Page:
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There’s all manner of bizarre, futuristic skyscrapers in the world. There’s the Gherkin in London, the twisting pretzel of the CCTV tower in Beijing, and the three-legged Marina Bay Sands in Singapore.
Now Vienna will get its own twisty bit of architecture: the Turm mit Taille building—which translates literally into “tower with waist”—next to the city’s Gasometers. Rotterdam-based architecture firm MVRDV designed the building for a competition held by the development corporation BAI.
MVRDV won because they cleverly worked around a set of building regulations that, for a development company with sights set on a mixed-use skyscraper that includes office space, housing, retail, and restaurants, would have created major headaches. The Gasometers are four repurposed gas tanks that anchor a neighborhood on the up and up. Because its a site for urban regeneration, the city imposed rules against building anything higher than 75 meters (about 250 feet), to prevent the area from become an overdeveloped concrete jungle with no natural sunlight.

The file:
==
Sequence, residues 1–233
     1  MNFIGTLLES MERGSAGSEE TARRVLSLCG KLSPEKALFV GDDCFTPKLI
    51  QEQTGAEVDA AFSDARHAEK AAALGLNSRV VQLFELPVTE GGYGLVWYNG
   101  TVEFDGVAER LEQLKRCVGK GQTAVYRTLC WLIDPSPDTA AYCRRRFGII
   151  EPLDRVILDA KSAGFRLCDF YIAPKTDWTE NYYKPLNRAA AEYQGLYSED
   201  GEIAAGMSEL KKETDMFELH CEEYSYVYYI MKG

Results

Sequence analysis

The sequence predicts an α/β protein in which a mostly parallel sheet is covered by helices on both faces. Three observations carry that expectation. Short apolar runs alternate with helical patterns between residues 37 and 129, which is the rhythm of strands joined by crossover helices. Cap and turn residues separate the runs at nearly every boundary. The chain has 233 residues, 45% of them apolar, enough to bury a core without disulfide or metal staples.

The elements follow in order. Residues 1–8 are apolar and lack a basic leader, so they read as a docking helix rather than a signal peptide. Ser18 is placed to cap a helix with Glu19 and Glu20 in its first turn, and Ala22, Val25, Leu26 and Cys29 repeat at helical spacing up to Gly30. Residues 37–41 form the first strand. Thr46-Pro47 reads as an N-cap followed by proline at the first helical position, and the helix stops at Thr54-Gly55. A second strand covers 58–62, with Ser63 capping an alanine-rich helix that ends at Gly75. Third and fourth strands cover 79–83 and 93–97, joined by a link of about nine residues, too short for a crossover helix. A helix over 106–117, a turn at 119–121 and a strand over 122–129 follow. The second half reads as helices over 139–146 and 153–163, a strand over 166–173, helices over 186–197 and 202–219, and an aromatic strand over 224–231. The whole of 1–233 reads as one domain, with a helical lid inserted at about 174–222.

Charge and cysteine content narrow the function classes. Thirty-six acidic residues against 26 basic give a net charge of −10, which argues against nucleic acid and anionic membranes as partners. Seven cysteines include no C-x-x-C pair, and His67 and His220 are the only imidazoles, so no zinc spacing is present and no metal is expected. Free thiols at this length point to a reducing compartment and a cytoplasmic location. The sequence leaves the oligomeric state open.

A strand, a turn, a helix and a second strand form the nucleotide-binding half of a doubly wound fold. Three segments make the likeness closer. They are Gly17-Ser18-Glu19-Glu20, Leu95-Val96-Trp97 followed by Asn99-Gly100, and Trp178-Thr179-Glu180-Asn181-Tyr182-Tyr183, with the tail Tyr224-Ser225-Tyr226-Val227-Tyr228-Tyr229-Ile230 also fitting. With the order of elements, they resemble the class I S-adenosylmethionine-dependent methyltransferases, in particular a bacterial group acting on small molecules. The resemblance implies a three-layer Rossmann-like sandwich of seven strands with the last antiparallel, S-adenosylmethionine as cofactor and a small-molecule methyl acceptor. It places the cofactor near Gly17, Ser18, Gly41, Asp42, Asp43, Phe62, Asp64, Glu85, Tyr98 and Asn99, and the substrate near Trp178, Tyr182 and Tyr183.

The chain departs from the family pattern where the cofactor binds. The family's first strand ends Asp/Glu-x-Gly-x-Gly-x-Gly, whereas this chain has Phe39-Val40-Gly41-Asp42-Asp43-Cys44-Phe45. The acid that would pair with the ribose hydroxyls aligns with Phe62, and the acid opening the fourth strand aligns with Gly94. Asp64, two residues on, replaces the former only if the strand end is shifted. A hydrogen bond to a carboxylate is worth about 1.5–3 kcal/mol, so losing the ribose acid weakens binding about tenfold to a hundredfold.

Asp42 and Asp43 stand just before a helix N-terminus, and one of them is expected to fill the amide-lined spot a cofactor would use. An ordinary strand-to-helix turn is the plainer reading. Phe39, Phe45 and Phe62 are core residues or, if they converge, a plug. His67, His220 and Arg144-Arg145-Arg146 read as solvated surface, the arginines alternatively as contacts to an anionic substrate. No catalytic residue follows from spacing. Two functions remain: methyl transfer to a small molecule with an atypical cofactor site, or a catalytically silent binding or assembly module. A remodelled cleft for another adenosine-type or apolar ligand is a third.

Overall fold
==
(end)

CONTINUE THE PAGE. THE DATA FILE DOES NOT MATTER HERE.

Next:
The Turm mit Taille is 110 meters high, and gets away with it because 10 of its lower floors are twisted around like life-sized Jenga blocks. This parametric stacking allows sunlight to hit the building’s shorter neighbors from several angles, so the building only casts shadows for two hours each day—well within bounds for the city’s regulations. Because this cuts down on usable square footage in the “waist” of the building, the rest of the tower is drop dead simple: in the remaining 20 floors, 80 percent of the space is “column free,” so that it’s more open and flexible, and façades will have French doors that make natural ventilation possible.